The Dry Garden: exotic trees that sip water
The classic trees of California are big. Redwoods. Monterey pines. Valley oaks. So for those of us who live in cities but want a California native garden, where’s the giant sequoia supposed to fit?
My vote would be to tear down the house, but San Juan Capistrano nurseryman Mike Evans has a different idea. The man who for two decades has been a pillar of the native gardening community thinks that many Southern Californian homes with small gardens can be better off with exotic trees.
Evans, co-founder of the Tree of Life Nursery, is increasingly pointing his customers toward the leguminous trees of Mexico, Arizona and Texas. He’s even giving free classes how to use these trees, which are members of the pea family. “I am convinced that they’re perfect for patio situations,” he said in a recent class. “They don’t get too big. You’re talking about a wide range of plants that are diverse, easy to grow and that give back by flowering their heads off through the summer.”
To this he could add, hummingbirds love them. That's the red Baja fairy duster shown here.
There are those who think that straying southeast of California state lines is a bad thing, a sin even. However, Evans argues not in terms of the political boundaries but of regional floristic provinces. To him, although the Sonoran classics of palo verde, ironwood and mesquite aren’t necessarily native, they can be better fit in Southern California than can conifers from the rainforests of Monterey or the oaks from the fog-cloaked dales of Marin County.
In common with many of our natives and their sister plants from Mediterranean climate zones around the world, these leguminous trees of the Sonoran tend to be nitrogen-fixing, meaning they absorb nitrogen from the air and sequester it in the soil. The ability allows them to thrive in poor soils, so don’t fertilize them. This is a particularly common trait among leguminous plants, so also expect pods from them.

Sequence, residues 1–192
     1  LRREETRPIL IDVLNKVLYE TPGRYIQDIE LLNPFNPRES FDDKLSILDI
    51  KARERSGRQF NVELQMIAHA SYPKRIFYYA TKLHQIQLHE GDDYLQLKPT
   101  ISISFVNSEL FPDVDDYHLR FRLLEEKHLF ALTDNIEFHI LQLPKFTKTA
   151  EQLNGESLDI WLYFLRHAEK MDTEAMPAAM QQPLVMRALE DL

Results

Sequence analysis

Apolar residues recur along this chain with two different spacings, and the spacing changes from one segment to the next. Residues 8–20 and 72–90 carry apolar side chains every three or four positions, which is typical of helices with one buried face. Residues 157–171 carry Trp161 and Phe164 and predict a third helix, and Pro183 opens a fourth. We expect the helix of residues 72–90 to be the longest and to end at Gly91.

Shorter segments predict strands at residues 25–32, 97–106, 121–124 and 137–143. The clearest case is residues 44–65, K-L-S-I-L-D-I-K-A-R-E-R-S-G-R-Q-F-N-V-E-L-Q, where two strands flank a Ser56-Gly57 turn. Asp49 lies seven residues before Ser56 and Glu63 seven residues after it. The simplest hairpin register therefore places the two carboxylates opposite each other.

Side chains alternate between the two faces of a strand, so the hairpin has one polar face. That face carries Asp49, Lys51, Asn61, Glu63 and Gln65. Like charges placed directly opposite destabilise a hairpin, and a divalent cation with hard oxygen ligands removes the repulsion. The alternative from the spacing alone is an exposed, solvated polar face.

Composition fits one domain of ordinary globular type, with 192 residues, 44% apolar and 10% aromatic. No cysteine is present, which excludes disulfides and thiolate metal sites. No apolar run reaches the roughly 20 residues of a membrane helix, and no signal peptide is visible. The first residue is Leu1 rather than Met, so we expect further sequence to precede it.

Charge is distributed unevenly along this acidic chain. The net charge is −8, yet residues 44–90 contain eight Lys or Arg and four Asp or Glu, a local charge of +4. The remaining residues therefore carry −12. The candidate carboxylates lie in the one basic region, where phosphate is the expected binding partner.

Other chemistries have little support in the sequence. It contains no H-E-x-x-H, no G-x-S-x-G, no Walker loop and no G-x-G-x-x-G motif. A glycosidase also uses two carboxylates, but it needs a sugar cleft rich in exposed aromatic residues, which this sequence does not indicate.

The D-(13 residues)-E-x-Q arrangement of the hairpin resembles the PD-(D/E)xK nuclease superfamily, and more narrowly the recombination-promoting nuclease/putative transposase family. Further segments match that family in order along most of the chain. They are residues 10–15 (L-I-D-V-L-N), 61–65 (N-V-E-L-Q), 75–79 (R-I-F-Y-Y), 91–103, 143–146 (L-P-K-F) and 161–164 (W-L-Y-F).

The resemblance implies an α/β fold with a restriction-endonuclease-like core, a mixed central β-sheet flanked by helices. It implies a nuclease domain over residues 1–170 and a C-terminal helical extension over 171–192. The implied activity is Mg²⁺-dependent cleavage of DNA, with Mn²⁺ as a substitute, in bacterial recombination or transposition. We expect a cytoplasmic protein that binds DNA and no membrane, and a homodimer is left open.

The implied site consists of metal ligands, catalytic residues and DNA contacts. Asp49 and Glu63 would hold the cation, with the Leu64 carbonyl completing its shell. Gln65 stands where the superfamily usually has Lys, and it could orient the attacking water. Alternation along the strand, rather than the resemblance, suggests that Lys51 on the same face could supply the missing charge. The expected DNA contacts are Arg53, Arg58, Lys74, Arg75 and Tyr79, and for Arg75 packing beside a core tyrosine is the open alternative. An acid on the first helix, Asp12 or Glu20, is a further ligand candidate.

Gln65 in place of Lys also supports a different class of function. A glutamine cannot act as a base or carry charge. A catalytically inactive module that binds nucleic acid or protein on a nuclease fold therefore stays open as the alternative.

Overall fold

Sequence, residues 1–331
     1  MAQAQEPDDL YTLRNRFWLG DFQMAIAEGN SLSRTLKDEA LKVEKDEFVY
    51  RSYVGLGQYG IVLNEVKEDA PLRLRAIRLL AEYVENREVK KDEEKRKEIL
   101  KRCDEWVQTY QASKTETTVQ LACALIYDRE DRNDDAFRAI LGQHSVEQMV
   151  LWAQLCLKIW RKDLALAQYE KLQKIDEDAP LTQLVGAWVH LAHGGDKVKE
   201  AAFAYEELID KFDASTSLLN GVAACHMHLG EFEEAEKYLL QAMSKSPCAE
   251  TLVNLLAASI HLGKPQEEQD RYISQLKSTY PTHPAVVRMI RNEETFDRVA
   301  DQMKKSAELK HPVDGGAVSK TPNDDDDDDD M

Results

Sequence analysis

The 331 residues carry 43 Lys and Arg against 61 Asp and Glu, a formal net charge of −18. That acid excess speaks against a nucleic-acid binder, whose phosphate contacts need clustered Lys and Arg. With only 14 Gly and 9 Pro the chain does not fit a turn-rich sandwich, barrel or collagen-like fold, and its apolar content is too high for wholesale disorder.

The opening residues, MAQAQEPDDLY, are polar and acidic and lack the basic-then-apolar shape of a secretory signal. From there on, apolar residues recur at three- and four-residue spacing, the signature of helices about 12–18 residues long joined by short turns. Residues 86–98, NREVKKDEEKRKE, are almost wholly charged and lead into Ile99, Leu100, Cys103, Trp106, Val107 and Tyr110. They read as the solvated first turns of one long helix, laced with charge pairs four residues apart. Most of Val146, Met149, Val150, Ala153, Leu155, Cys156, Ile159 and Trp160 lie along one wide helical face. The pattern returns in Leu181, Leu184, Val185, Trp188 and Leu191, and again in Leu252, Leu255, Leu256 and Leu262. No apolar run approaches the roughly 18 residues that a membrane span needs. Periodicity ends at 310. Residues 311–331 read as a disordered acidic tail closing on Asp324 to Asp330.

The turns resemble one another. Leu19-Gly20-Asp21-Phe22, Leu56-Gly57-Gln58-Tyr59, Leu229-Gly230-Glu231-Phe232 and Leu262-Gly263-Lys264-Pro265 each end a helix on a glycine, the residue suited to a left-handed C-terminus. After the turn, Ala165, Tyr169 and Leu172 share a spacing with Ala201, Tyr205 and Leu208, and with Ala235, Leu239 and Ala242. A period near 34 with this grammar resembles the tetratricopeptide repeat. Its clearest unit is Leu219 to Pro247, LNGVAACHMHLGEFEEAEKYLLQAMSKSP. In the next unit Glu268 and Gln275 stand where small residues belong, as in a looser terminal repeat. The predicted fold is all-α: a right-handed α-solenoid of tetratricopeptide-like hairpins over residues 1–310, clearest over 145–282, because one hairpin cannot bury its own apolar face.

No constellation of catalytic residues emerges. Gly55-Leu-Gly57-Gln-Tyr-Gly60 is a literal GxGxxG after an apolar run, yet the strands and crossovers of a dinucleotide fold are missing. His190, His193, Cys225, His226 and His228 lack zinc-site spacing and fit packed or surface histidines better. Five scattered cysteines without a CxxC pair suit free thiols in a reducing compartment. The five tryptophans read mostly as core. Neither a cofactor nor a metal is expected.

The Sonoran natives being tested by Evans and then sold through these classes differ from California natives in one basic way. Their natural ranges lay at the confluence of desert and tropical climate zones, so they evolved getting winter rain as well as monsoonal summer showers. This means that they can adapt to a setting with some summer water.
Sometimes they can adapt too well. Arizona University cooperative extension warns against plants from genus Parkinsonia, known commonly as Mexican palo verde, on the grounds that it’s invasive. But if you fall in love with the graceful habit and showy yellow flowers, look for the hybrid called Desert Museum, above right, or simply hop around the leguminous family tree until you get to blue palo verde, which is from a different genus and species entirely (Cercidium floridum), below right. This looks so pretty year round that a crown of yellow blooms in early spring is pure gravy.
Of all these plants, the Baja fairy duster (Calliandra Californica, C. peninsularis), is increasingly being adopted in Los Angeles. It’s more of a shrub, but if 6 feet is as tall you want a patio tree, then all you need is a good pair of hand pruners.
One outlier among these largely feathery plants because of its shiny evergreen leaves and a definite contender for tree status is the 25-foot-tall is Texas mountain laurel (Sophora secundiflora). Texas horticulturist William Welch describes the wanton drop of spring flowers as “beautiful purple wisteria-like blooms smelling of grape Kool-Aid.”
From the genus of the most classic southwestern plant, mesquite, Evans is working with Prosopis glandulosa, or honey mesquite. Needless to say, but I will anyway, bees love it.
At Tree of Life, Evans has planted a desert fern (Lysiloma thornberi). Commonly called feather bush, this plant doesn’t need the puff ball white flowers it produces in spring his courtyard to explain why Evans chose it. Its fingered leaves are masters of sunlight. Rather than block it, they hold it in a dancing, luminous cloud — quite a feat amid the glare.
To track Evan’s workshops in gardening with leguminous trees of the Sonoran Desert and Baja, click to www.californianativeplants.com. Recommended reading: The Arizona-Sonora Desert Museum’s “A Natural History of the Sonoran Desert,” edited by Steven J. Phillips and Patricia Wentworth Comus for University of California Press.
Green's column on drought-tolerant gardening appears weekly on this blog. She also blogs on water issues at www.chanceofrain.com.
Right: Baja fairy duster seed pod.Credit for all photos: Christine Cotter / Los Angeles Times
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